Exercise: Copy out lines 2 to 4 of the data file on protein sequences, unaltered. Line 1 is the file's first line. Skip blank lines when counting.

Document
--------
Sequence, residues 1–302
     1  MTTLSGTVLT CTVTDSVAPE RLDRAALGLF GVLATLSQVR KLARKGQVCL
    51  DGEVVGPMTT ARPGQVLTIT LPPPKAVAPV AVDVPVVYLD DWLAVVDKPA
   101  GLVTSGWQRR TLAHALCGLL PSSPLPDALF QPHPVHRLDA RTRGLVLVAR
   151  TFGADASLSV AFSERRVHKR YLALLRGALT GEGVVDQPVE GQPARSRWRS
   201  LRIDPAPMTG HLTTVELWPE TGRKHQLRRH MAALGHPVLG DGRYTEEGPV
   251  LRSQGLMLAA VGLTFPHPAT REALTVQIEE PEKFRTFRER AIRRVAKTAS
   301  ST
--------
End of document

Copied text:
     1  MTTLSGTVLT CTVTDSVAPE RLDRAALGLF GVLATLSQVR KLARKGQVCL
    51  DGEVVGPMTT ARPGQVLTIT LPPPKAVAPV AVDVPVVYLD DWLAVVDKPA
   101  GLVTSGWQRR TLAHALCGLL PSSPLPDALF QPHPVHRLDA RTRGLVLVAR